Centre for design informaticsIssue: XXIV.2 March + April 2017
Chris Speed, Jon Oberlander
How do you describe your lab to visitors? The Centre for Design Informatics provides a platform in which design and data science can mix. As a team, we are interested in the emerging field of human-data interactions and developing ways for design to engage with the complexity of digital economic systems. Through a combination of methods from both the humanities and sciences, the lab offers design-centered solutions for cultural, commercial, and civic sectors, often resulting in new forms of visualizing, experiencing, and interpreting data. The strategic view of Design Informatics is to provide methodologies and solutions that allow organizations to better understand the value of their data in ways that are commensurate with the values of the stakeholders within each network.
What is a unique feature of your lab? The Centre for Design Informatics is situated across the Edinburgh College of Art and the School of Informatics at the University of Edinburgh. Although the footprint of the lab is in the School of Design, we operate in an unusual context across the humanities, science, and engineering, within which a wide variety of lexicons are used to describe the human, the more than human (AI, animal), and the methods for understanding their conditions as they become entangled in different forms of data. In the same way, our materials for exploration are highly mixed and include wood, metal, ceramics, and plastics, as well as machine learning, natural language processing, vision systems, and robotics.
How many people are in the lab, and what is the mix of backgrounds and roles? At the moment we have two professors, Chris Speed and Jon Oberlander, who direct the Centre for Design Informatics. Chris leads on conceptual design and Jon leads on cognitive science and computational linguistics. We have a reader in design informatics (HCI and health informatics) and two lecturers (interaction design and social computing). The lab currently has six active research projects supported by research associates who specialize in ethics, consent, and privacy; neuropolitics; anthropology; user experience; human geography; and digital cultures, underpinned by a designer and two software engineers who help bring everything together into meaningful experiences. The research lab is also the heart of M.A. and M.Sc. programs in design informatics, and a Ph.D. community of designers and computer scientists.
|Participants hand-drawing map tiles of Edinburgh at the City Selfie Workshop, part of the Edinburgh Art Festival 2014.|
|Body paper prototyping during the Design Meets Synthetic Biology workshop 2016.|
Briefly describe a day in the life of your lab. The highly interdisciplinary team collaborates across research projects that involve organizations such as international charities, banks, museums, and galleries. On any given day, the team will be trying to understand the social, economic, and environmental implications for the flow of data between humans, machines, and designed artifacts. More than likely you will find the team huddled around a device such as the BitBarista, a hacked domestic coffee machine that only accepts Bitcoin and that insists on asking coffee drinkers where it should buy its next bag of coffee. Someone will be trying to understand the environmental and social impact of the material and digital economies of the coffee machine, while someone else will be hacking the software to allow a designer to provide an interface that makes the user aware of the data-value chains involved in ordering a cup of coffee.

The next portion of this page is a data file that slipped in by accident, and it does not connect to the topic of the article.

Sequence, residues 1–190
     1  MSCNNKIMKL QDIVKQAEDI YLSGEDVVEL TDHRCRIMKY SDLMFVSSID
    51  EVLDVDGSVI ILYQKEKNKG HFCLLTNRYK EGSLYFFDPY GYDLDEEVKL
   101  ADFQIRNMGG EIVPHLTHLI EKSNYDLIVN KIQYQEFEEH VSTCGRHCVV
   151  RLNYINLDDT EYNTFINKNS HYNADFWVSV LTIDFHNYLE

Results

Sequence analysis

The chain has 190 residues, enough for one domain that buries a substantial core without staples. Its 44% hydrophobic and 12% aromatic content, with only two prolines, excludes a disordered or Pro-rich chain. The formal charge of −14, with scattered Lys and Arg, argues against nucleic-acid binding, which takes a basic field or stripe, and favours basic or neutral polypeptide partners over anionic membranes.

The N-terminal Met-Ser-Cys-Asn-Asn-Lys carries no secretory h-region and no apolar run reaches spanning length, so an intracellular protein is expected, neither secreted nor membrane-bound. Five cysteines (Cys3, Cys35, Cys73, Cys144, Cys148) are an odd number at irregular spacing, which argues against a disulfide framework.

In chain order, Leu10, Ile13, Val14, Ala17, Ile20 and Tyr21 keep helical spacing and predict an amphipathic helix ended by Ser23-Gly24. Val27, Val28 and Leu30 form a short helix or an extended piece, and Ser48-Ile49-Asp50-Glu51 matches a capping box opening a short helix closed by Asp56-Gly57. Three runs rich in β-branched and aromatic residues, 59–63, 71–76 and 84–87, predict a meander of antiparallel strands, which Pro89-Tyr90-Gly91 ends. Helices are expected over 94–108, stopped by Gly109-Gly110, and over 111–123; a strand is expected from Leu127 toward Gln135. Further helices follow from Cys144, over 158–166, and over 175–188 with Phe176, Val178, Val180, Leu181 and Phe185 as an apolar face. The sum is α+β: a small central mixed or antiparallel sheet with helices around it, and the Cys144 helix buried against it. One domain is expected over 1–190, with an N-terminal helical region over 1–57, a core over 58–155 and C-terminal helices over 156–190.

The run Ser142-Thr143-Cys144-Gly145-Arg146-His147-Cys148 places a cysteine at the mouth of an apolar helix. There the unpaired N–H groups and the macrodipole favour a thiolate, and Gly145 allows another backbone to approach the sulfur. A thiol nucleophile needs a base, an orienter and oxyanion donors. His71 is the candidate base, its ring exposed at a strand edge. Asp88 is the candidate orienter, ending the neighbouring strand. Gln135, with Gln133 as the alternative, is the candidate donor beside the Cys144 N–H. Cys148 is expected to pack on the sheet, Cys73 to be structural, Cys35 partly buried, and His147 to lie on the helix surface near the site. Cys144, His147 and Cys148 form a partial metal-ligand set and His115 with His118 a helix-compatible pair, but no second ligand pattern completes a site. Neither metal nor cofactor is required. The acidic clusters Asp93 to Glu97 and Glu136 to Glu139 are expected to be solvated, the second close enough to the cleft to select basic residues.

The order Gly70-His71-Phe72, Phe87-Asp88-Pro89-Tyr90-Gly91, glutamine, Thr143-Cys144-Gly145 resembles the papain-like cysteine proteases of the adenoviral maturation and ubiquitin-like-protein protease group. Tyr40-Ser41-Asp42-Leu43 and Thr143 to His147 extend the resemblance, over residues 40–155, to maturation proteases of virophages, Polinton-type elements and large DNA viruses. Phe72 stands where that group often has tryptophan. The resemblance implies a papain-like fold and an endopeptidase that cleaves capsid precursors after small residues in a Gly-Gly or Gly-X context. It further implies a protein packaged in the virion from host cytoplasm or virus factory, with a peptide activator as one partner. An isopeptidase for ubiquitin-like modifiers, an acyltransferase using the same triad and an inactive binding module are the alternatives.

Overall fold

|Last minute updates to the BitBarista, a Bitcoin coffee machine, at the Edinburgh Digital Entertainment Festival 2016.|
What is one feature of your lab that you could not do without? The mix of people. All experts in their own fields, they offer different insights into every action that we make and offer new tactics when we get stuck with a particular material or method. Sometimes you’ll find a designer and software engineers projecting into a near future, but you need the anthropologist and the human geographer to offer pause for reflection to calibrate ethical issues. On other occasions, projects slow down due to complex social and philosophical discussions, and the imagination of the designers allows us to turn ideas into experiences to better understand an issue. We need the mix of people to develop the criticalities around action and reflection.
|Placing a brick onto the first block in the chain during a Block Exchange workshop.|
What is one feature of your lab you want and do not have? Children, older people, and animals. As a relatively young department in a large university, we find ourselves surrounded by people of the same age range and genetic makeup. We have the city of Edinburgh and the many participants in the projects to keep us grounded, and we are part of a Living Lab project with the Edinburgh City Council. But the chance to have different perspectives on being human and more than human in the lab would certainly lead to more diverse outcomes.
What is the one thing you see as most important about the work you do there? Given the complex digital entanglements in which we find ourselves, we consider the exploration of human-centered approaches to data interactions to be of great importance. By developing ways to design from, with, and by data, we think that an interdisciplinary approach can bring data science into the design studio and into design research.
Copyright held by authors
The Digital Library is published by the Association for Computing Machinery. Copyright © 2017 ACM, Inc.